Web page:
Results 1 to 24 of 24

Thread: HB 113

  1. #1
    Regular Member FMCDH's Avatar
    Join Date
    Nov 2008
    Location
    St. Louis, MO
    Posts
    2,043

    Post imported post

    Heads up!

    It looks like Alaska "type" carry is headed to Wyoming, but it only applies to those who have been living in the state for 6+ months.

    Here it is from NRA-ILA
    http://www.nraila.org/News/Read/InTheNews.aspx?ID=13388

    AP release
    http://cbs4denver.com/wireapnewswy/B...2.1489346.html

    AP needs to do a better job of checking their facts. :quirky

    A better report...
    http://www.trib.com/news/state-and-r...f4de7f287.html

  2. #2
    Regular Member AB's Avatar
    Join Date
    Nov 2007
    Location
    ACTIVIST Cheyenne, Wyoming
    Posts
    240

    Post imported post

    Trying to get the clause that allows (what is in the video)removed before endorsing this legislation.

    http://www.youtube.com/watch?v=swV_eOrAp9Y

  3. #3
    Regular Member Sig229's Avatar
    Join Date
    Dec 2006
    Location
    Pittsburgh, Pennsylvania, USA
    Posts
    926

    Post imported post

    Look like a a good law, but Wyoming puts strange time limits on gun owners.

    I remember when I moved there, I went to buy a new pistol to celebrate and when I got there they told me I had to be a WY resident for at least a year.

    This was at Frontier Arms in Cheyenne.

    I have never heard of anything so strange. What would it matter how long I lived there and as long as I passed the background check and had a valid WY license and residence.
    I dont get it.

    Same goes for this law and the 6 month requirement.



    .
    "Let your gun be your constant companion during your walks" ~Thomas Jefferson

  4. #4
    Regular Member
    Join Date
    Jul 2006
    Location
    , ,
    Posts
    12

    Post imported post

    Wyoming has no restrictions on how long one must live in the state to buy a firearm. A valid drivers license is all it takes.

    They do however have restrictions on how long one must be a resident to buy resident hunting licenses, which is one year as actually living in the state.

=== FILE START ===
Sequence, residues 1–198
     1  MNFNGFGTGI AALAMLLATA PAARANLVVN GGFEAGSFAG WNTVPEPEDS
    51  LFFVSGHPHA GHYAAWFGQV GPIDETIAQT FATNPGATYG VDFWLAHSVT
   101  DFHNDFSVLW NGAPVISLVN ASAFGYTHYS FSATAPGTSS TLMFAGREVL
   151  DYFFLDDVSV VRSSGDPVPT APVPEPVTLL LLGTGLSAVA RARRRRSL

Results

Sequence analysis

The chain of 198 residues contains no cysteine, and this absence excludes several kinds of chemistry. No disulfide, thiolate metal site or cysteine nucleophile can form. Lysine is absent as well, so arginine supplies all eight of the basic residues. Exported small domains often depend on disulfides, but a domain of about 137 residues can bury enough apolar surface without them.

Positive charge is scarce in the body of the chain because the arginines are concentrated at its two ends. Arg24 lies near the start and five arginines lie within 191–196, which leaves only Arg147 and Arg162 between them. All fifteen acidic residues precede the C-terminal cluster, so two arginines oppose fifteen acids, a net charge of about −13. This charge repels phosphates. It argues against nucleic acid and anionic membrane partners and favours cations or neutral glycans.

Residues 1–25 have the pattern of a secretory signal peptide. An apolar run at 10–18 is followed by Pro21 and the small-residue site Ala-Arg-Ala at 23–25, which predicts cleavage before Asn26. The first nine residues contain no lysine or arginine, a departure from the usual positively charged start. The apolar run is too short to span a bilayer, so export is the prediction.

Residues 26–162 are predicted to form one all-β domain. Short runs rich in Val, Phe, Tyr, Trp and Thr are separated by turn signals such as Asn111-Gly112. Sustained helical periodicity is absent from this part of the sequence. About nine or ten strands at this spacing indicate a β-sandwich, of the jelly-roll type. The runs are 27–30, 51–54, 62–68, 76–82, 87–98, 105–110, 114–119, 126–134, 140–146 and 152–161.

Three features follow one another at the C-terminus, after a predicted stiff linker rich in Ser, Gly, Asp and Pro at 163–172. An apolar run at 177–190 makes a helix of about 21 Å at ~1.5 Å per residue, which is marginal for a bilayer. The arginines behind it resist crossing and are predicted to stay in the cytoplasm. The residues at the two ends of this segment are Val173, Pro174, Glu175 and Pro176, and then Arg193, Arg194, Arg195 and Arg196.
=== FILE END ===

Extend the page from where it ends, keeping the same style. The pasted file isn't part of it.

5. #5
    Regular Member Sig229's Avatar
    Join Date
    Dec 2006
    Location
    Pittsburgh, Pennsylvania, USA
    Posts
    926

    Post imported post

    Paladin wrote:
    Wyoming has no restrictions on how long one must live in the state to buy a firearm. A valid drivers license is all it takes.

    They do however have restrictions on how long one must be a resident to buy resident hunting licenses, which is one year as actually living in the state.
    Huh....

    Now that makes me a little pissed. I dont know why they would have told me that.
    "Let your gun be your constant companion during your walks" ~Thomas Jefferson

  6. #6
    Regular Member MatieA's Avatar
    Join Date
    Jan 2009
    Location
    Egbert, Wyoming, USA
    Posts
    403

    Post imported post

    Because Fromtier Arms is NOT the best place in Cheyenne to do business.

    In fact my shadow never crosses their door.
    If you do not test yourself every single day,
    then it is just another wasted day.
    --Semper Fi--

  7. #7
    Regular Member Sig229's Avatar
    Join Date
    Dec 2006
    Location
    Pittsburgh, Pennsylvania, USA
    Posts
    926

    Post imported post

    MatieA wrote:
    Because Fromtier Arms is NOT the best place in Cheyenne to do business.

    In fact my shadow never crosses their door.
    They must be bad.

    Im a clean cut, respectable guy. I have no idea why they would have flat out lied to me like that.
    Really makes me pissed. And what business man doesn't want to sell a product for god sakes?

    Ah well, if I move back to WY (hope so) I wont ever go there again.
    "Let your gun be your constant companion during your walks" ~Thomas Jefferson

  8. #8
    Regular Member
    Join Date
    Feb 2010
    Location
    Cheyenne, Wyoming, USA
    Posts
    5

    Post imported post

    Sig229 wrote:
    MatieA wrote:
    Because Fromtier Arms is NOT the best place in Cheyenne to do business.

    In fact my shadow never crosses their door.
    They must be bad.

    Im a clean cut, respectable guy. I have no idea why they would have flat out lied to me like that.
    Really makes me pissed. And what business man doesn't want to sell a product for god sakes?

    Ah well, if I move back to WY (hope so) I wont ever go there again.
    I have never had a problem with them. They also seem to be alot cheeper than the other gun stores here.

  9. #9
    Regular Member MatieA's Avatar
    Join Date
    Jan 2009
    Location
    Egbert, Wyoming, USA
    Posts
    403

    Post imported post

    I have never recieved anything but bad attitude and next to NO service. I take my business elsewhere even if it might cost me a bit more.